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24869: Hermantin (News) Former Haitian police commander guilty in drug case
leonie hermantin <email@example.com>
Former Haitian police commander guilty in drug case
By Ann W. ONeill
April 21, 2005
A former commander of investigations for the Haitian National Police
admitted in federal court Wednesday to taking more than $760,000 in
protection money from Colombian cocaine traffickers using the impoverished
island as a stopover.
Rudy Therassan, 40, pleaded guilty before U.S. District Judge Donald Graham
to conspiring to import cocaine into the United States and launder drug
money. He has agreed to cooperate with U.S. investigators in hopes of
shortening a minimum, 10-year prison sentence.
Assistant U.S. Attorney Lynn Kirkpatrick said in court that Therassan was
one of several corrupt Haitian police officials who helped Colombian
traffickers unload more than a ton of cocaine from planes allowed to land on
Haiti's Highway 9.
The cocaine then was shipped to the United States.
Therassan agreed to forfeit assets he purchased with the drug money,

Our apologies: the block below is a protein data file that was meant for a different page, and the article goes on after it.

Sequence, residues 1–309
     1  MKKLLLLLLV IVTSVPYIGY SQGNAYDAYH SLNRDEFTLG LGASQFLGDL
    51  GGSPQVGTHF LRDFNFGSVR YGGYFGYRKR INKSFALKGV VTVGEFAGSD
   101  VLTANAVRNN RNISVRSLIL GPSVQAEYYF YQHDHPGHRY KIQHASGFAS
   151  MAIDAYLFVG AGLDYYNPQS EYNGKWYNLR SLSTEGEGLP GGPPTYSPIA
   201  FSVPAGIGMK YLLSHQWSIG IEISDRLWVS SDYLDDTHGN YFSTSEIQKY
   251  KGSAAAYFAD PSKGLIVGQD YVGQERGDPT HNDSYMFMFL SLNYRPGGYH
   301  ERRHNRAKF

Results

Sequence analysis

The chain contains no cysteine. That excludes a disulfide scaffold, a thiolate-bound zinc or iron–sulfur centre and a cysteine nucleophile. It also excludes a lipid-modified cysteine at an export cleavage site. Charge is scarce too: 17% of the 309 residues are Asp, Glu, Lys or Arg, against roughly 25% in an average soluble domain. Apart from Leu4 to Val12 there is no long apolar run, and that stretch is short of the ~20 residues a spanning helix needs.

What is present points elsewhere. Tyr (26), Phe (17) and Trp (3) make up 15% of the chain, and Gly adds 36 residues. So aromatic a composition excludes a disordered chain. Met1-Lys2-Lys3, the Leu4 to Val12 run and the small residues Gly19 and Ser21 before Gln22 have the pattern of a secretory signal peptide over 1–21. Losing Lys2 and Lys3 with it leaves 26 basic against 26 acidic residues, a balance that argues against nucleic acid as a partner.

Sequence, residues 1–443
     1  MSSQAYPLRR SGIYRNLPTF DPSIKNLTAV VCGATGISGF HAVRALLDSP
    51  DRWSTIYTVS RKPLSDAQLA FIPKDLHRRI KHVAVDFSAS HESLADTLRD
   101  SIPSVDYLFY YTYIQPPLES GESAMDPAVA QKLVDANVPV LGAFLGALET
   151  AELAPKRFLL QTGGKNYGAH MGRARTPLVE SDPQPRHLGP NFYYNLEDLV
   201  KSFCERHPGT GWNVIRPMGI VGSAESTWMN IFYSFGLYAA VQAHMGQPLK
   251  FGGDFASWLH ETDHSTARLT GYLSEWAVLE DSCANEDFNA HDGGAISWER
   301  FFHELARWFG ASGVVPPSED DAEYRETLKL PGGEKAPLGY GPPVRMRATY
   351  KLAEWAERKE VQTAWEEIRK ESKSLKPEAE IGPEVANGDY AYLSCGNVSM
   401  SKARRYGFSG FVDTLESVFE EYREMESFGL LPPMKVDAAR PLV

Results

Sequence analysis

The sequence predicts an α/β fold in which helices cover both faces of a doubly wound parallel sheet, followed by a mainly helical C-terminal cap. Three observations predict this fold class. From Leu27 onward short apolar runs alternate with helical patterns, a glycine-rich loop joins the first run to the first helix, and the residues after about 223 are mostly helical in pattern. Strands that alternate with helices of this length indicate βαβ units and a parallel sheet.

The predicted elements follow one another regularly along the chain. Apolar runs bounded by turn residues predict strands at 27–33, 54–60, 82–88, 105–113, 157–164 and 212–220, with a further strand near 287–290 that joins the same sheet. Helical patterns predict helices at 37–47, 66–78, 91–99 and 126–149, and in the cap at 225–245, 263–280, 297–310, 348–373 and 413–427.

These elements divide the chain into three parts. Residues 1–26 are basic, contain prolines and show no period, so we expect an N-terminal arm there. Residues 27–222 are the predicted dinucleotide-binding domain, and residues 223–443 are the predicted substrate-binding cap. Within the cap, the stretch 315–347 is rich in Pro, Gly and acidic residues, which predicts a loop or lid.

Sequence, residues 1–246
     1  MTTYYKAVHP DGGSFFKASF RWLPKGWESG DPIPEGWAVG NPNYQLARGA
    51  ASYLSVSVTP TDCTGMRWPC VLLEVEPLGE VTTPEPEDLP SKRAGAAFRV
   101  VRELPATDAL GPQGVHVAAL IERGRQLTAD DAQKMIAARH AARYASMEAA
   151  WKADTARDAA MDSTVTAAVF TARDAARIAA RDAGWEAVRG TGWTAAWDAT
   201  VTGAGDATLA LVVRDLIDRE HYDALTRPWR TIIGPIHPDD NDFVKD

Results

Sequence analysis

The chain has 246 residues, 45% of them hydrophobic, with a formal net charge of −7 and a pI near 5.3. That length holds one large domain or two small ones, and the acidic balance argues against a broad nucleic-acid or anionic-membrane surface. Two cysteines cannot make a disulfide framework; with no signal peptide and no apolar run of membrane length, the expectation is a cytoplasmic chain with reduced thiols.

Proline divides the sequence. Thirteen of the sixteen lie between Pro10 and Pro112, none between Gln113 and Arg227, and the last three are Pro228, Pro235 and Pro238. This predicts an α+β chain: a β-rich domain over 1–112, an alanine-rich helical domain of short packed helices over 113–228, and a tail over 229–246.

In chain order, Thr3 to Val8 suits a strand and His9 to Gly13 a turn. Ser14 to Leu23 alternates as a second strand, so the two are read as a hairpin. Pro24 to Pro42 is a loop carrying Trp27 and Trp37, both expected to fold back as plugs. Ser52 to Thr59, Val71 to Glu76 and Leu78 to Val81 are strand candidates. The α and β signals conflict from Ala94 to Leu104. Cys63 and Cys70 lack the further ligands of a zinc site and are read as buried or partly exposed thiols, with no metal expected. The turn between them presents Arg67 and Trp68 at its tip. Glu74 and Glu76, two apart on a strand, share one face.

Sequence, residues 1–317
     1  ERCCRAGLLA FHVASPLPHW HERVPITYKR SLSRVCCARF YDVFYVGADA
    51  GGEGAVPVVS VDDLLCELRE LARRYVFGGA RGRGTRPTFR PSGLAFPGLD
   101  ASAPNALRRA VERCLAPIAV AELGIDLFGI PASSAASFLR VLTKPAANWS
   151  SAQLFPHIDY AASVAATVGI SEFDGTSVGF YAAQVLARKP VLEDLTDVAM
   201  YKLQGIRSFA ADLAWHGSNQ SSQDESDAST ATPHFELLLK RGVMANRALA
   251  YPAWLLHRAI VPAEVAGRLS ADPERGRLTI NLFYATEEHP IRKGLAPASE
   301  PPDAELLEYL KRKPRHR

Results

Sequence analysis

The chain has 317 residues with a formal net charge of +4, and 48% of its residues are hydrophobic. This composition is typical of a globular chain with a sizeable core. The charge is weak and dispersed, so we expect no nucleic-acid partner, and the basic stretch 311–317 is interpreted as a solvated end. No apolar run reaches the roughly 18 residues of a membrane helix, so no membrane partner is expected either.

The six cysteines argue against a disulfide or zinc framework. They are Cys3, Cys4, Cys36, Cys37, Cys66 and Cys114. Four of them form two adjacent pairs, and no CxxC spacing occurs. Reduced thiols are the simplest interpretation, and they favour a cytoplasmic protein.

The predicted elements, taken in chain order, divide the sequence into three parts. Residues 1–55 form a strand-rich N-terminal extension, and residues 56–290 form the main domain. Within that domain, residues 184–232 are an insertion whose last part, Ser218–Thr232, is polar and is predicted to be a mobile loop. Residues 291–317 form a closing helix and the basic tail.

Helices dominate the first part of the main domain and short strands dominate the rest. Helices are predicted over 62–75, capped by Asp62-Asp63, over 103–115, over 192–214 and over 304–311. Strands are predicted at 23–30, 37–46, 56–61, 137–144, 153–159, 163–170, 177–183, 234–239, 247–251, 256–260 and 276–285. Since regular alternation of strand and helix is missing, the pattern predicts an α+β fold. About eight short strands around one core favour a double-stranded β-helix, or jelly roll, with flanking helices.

including cash, investment accounts, jewelry, and two houses in Wellington,
Palm Beach County.
Therassan's three daughters wiped tears from their eyes as he entered his
plea. He is to be sentenced on June 15.
Therassan was among seven Haitian police officials swept up last year in the
investigation of cocaine and corruption in the administration of ousted
President Jean-Bertrand Aristide. That investigation is continuing.
He agreed to assist by telling what he knows to DEA and IRS agents and
testifying before grand juries and at trials. If prosecutors Kirkpatrick and
David Weinstein find that Therassan has provided "substantial assistance,"
they agreed to ask for a reduction in his sentence.
Court documents filed in connection with the case portrayed Therassan as a
corrupt cop who once took a list that implicated Haitian officials from the
pocket of a dead Haitian drug smuggler. Accounts differ, but some informants
identified Therassan as the killer, saying he was acting on orders from
someone higher up in the Haitian government, according to court documents.
For Therassan to receive a break in his sentence, prosecutors will have to
vouch that he committed no acts of violence, according to terms of his plea
Bush administration and U.S. Justice Department officials have said publicly
that authorities in Miami are looking into whether Aristide, once a populist
priest, was corrupted by drug money.
Carlos B. Castillo, a spokesman for the U.S. Attorney's office in Miami,
declined comment. Ira Kurzban, a Miami lawyer who represents Aristide, has
denied the former president had any dealings with drug traffickers.
Ann W. O'Neill can be reached at firstname.lastname@example.org or 954-356-4531.
Copyright © 2005, South Florida Sun-Sentinel